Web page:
“I recently mostly have done acrylic. If I do another art form, it would be more like creative essay writing, but that’s kind of a new thing. I have described my style as representational, impressionism, and conceptual.
The full immersion studio time at the end of my college career, a studio art class, I basically treated it a little bit like a half-time job. Go in in the morning, work, have lunch there, keep painting. I haven’t gone back to that level of painting since. Out of that came a large, 90-by-40-inch piece that ended up being shown at a festival. A few weeks later, people contacted me and wanted to buy it, and I shipped it out to Oregon. It was a really interesting experience of feeling very accomplished, spending lots of time on that, feeling like I nailed what I was trying to do, and someone else out of state appreciating it and buying it.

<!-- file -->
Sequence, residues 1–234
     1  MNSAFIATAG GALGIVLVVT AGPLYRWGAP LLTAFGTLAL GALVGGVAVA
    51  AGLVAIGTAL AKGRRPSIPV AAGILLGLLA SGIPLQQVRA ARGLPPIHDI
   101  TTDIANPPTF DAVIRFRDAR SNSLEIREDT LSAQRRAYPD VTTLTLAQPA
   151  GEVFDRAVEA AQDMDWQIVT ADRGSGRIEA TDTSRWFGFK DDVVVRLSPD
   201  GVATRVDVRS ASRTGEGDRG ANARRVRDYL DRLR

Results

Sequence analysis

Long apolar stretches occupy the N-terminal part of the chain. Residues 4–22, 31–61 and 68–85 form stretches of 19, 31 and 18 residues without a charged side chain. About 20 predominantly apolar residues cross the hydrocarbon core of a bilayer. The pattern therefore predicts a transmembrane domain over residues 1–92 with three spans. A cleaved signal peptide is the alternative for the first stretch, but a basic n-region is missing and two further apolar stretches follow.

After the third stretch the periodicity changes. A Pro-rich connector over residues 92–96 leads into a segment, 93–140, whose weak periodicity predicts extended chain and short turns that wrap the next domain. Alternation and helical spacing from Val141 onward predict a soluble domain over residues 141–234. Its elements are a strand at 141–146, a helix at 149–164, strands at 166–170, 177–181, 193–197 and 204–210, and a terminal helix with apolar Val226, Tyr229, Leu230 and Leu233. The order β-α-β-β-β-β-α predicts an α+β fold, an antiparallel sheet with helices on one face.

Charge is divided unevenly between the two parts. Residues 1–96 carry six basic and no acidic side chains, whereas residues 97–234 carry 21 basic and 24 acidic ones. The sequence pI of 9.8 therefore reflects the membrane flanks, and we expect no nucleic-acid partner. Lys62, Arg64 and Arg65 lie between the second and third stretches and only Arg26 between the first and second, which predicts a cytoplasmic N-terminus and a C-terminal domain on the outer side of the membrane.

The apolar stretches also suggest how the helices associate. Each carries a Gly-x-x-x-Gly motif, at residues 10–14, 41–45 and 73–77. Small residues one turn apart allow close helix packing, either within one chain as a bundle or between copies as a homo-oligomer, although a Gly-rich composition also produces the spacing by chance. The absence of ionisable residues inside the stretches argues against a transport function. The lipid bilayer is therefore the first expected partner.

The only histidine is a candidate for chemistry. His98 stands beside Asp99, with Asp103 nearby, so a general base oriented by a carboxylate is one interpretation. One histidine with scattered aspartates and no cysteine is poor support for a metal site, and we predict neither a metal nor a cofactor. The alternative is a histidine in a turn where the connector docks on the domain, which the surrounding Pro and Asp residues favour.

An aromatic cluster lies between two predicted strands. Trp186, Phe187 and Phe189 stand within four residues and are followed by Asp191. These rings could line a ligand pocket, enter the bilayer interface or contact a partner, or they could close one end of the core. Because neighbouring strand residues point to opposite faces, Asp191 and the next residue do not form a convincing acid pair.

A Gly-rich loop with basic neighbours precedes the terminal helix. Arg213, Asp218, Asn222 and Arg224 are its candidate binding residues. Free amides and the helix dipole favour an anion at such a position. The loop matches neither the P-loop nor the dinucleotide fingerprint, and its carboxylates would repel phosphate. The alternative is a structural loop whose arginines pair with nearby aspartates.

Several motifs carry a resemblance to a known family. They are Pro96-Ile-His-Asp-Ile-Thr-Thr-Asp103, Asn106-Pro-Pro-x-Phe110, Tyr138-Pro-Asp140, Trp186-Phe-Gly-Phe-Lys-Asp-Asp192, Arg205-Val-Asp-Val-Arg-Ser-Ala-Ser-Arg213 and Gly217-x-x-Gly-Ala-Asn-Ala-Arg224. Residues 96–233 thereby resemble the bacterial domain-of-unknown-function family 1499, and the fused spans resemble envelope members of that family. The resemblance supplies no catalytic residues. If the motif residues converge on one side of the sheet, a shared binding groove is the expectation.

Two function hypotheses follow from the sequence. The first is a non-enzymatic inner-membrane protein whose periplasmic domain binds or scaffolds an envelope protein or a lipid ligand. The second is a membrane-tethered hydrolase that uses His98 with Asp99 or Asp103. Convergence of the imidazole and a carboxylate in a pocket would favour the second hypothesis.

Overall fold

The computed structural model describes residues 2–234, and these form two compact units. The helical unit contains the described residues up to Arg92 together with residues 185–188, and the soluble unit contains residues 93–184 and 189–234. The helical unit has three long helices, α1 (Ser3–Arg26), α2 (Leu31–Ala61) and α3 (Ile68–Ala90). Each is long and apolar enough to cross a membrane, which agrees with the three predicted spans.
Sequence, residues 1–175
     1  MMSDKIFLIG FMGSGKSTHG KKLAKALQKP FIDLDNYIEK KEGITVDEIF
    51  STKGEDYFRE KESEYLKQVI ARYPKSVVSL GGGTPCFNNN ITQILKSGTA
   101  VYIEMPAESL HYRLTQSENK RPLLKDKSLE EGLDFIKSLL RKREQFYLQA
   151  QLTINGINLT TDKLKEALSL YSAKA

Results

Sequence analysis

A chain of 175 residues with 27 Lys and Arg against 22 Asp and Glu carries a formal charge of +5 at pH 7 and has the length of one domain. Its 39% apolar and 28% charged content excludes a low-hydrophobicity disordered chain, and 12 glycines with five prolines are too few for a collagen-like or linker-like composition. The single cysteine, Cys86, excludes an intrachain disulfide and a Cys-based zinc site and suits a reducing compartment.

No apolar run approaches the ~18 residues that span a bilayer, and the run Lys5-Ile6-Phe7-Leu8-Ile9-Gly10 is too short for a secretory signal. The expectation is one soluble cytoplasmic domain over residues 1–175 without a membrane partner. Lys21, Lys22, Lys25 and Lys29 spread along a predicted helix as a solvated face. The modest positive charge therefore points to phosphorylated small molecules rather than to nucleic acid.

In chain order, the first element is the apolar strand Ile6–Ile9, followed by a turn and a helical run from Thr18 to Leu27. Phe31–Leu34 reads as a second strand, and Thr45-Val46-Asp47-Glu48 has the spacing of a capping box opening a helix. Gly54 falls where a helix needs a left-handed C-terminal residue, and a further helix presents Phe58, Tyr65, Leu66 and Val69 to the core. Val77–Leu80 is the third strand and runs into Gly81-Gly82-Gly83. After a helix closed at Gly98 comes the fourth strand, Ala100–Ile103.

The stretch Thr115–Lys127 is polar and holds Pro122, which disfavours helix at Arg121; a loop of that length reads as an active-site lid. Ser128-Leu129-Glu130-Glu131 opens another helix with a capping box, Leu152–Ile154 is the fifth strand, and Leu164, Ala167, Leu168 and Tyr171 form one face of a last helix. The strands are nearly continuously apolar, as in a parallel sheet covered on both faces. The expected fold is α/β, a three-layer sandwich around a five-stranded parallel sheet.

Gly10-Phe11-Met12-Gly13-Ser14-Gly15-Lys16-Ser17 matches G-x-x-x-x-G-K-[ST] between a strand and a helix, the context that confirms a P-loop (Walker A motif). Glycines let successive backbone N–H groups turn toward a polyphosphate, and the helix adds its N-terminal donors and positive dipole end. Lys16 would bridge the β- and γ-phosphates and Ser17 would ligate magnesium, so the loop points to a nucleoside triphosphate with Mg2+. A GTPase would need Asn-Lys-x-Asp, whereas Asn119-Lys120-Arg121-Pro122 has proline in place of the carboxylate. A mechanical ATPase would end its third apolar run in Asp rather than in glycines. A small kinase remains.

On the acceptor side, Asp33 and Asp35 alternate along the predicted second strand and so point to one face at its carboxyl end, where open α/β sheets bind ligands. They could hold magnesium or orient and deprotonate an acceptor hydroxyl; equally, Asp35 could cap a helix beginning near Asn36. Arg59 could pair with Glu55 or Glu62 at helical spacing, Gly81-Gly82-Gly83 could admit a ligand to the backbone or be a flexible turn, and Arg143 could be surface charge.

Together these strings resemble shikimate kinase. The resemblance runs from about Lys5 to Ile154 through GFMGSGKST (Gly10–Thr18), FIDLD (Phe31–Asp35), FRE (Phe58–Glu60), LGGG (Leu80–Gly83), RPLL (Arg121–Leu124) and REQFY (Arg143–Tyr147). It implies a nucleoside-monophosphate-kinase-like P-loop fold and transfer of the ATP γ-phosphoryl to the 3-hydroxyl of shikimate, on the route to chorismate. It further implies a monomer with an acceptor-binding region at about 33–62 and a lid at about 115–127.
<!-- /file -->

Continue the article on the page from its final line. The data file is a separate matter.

I was exploring melding some of my concepts. I had done some koi imagery and some space imagery, and then I’ve started putting the koi in space, sort of in this ambiguous space of water and space, with bubbles being planets – or not. We don’t know. I love that. I did one that was taking me into this culmination kind of piece. It was sort of like, ‘How can I creatively take things from my past pieces and do some convergences?’ I feel like that kind of thing is a stepping stone to some other work that might be needing to come out.
I have been here since 1998. I’ve witnessed the growth of the art community, and I’ve been part of some of those early attempts at putting art out in the public. I have been encouraged and met lifelong artist friends here. It excites me to hear other people catch vision and run with it. There have been lots of ways to bring artists together and cross-pollinate and give them space, and the downtown spaces. I feel like there’s been this continuous growth and expansion, and it’s even expanding more with this idea of an arts district. I just feel like the support has been exponentially growing, and it’s really creating a good, fertile ground.”